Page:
A Water-Hole Gushing Up To Eternal Life


I’m a proud Noongar woman. I belong to this country. And I know how to open the gnamma hole to get water. I know what to sing to the spirits. I shout loudly to tell them that I’m coming. “Kaya! Ngany nidja!” I call, “Hello! I am here! Woolah! Ngany nidja!”  I’m about to throw sand down the gnamma hole to purify the water, when this wadulah man appears.

He’s a wadulah and he’s a man. He thinks he knows everything and he thinks he owns our country.

But he waits, back where I called the spirits, and says to me, respectful-like: ‘Can you get me some water, Aunty?’

I’m a bit surprised. I’ve never heard a wadulah ask before. For anything. If they know where the gnamma hole is they rip the top off and help themselves. I’m a bit suspicious too. ‘What wadulah asks a Noongar woman to get him a drink?’ I ask.

‘If you knew who was asking you,’ he says, ‘you would ask him for living water.’

‘Where would you get living water?’ I ask him, ‘You got no gnamma hole and you got no spirits here. Our ancestors told us how the gnamma hole was made, and how the Wagul passed through the country. You’re not greater than the ancestors, are you?’

He said, ‘When you drink your water you get thirsty again. But whoever drinks the water I give will never get thirsty again. The water I give will be a water-hole gushing up to eternal life.’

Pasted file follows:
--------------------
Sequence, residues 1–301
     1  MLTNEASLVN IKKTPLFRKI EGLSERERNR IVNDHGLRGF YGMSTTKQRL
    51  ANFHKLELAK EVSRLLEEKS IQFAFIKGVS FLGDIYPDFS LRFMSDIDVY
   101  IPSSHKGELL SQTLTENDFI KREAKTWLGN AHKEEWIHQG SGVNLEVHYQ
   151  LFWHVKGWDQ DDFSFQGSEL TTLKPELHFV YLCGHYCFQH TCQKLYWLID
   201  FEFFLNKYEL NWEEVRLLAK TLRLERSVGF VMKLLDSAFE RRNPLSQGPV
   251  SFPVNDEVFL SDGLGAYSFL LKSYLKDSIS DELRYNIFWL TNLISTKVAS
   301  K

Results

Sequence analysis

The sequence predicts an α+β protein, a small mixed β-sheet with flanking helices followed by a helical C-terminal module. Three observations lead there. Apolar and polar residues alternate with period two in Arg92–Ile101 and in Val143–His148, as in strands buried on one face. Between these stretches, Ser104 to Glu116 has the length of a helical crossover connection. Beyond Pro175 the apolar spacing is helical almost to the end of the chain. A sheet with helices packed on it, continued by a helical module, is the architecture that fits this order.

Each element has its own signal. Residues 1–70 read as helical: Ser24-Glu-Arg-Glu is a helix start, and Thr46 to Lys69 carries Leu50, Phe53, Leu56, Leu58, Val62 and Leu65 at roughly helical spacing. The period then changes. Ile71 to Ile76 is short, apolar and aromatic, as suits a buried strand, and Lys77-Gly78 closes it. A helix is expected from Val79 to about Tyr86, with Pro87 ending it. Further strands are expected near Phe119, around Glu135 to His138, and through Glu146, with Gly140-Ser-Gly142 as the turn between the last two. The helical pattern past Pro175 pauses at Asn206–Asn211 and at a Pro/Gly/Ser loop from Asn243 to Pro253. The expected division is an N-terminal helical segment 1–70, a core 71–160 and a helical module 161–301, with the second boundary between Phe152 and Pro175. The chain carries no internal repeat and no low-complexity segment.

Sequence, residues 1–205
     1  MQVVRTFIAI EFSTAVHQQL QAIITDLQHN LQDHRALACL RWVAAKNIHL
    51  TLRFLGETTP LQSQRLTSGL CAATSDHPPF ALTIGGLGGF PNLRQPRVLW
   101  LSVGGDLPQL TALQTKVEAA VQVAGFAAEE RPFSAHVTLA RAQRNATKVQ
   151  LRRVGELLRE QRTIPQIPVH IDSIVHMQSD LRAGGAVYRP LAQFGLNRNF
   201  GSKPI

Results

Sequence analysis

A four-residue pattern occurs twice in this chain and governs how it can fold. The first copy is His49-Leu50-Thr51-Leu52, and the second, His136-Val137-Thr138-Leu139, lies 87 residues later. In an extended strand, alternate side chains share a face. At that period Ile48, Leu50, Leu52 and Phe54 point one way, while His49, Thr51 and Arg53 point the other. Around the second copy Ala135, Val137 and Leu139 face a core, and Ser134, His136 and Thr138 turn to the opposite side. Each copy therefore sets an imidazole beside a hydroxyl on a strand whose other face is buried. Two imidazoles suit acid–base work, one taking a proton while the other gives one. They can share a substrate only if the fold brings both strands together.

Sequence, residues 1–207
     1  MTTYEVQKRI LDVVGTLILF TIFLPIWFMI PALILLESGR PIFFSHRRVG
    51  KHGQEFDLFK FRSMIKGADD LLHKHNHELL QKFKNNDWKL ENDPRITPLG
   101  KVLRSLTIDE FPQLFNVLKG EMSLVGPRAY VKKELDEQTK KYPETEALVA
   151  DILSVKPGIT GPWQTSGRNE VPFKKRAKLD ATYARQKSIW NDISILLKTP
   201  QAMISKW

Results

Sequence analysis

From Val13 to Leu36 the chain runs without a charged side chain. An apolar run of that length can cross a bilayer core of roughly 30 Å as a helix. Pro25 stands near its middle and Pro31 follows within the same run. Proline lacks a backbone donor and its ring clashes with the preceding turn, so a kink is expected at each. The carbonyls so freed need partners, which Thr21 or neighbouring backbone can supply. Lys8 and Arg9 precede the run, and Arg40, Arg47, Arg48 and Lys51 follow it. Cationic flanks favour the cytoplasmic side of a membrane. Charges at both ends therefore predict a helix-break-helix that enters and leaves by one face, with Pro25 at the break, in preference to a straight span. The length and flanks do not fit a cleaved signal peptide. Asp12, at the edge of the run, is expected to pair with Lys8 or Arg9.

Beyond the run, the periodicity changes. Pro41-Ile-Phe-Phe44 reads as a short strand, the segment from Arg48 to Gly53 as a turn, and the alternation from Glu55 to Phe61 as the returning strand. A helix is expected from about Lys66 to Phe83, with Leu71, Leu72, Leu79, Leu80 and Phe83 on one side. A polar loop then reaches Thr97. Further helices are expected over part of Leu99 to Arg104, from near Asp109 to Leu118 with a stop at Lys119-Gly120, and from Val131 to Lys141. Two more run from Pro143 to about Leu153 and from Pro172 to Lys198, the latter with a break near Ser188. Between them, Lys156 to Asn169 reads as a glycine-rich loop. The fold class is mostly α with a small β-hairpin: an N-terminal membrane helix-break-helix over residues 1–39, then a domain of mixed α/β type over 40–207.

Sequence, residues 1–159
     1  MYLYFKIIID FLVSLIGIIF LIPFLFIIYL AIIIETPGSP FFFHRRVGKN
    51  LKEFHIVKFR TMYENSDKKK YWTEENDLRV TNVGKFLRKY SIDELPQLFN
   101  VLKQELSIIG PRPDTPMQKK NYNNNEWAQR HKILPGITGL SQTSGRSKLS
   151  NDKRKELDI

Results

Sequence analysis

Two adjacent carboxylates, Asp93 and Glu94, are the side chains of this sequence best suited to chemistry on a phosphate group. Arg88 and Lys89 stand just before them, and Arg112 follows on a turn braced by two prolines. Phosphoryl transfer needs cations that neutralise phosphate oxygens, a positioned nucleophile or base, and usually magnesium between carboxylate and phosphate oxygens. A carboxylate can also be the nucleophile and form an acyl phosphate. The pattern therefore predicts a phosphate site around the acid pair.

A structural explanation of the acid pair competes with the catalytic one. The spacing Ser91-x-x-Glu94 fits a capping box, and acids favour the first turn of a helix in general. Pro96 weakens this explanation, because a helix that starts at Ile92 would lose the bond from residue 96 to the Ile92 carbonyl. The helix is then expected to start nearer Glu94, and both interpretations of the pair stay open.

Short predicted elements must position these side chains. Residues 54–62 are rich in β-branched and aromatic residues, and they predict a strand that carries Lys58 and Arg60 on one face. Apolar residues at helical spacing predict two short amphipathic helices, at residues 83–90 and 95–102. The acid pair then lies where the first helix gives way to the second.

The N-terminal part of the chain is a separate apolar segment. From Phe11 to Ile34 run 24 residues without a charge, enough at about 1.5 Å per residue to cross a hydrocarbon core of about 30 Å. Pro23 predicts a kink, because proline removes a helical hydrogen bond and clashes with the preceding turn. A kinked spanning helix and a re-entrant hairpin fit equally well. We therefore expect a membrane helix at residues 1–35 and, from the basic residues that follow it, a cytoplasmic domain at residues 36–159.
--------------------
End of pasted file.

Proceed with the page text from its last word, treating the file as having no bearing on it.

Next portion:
I didn’t know whether to laugh or run away from this wadulah. ‘You’d better give me some of your water,’ I says, ‘so I don’t have to come out to the gnamma hole to get it no more.’

So he said to me, ‘Go and get your husband and come back here.’

‘Ain’t got no husband.’

He says, ‘Too right you’ve got no husband. You’ve had five husbands. But the man you’re living with now is not your Law husband.’

I swallowed. ‘Uncle, you must be a prophet. Our ancestors called on the spirits on this mountain and you wadulahs say people should worship in church.’

He replied, ‘Believe me, Aunty, time is coming when you will worship the Father not on this hill nor in church. You worship spirits you do not know. We worship God because he brings salvation. But time is coming when true worshippers will worship the Father in a real true spirit. The Father is looking out for people to be his true worshippers. God is spirit.’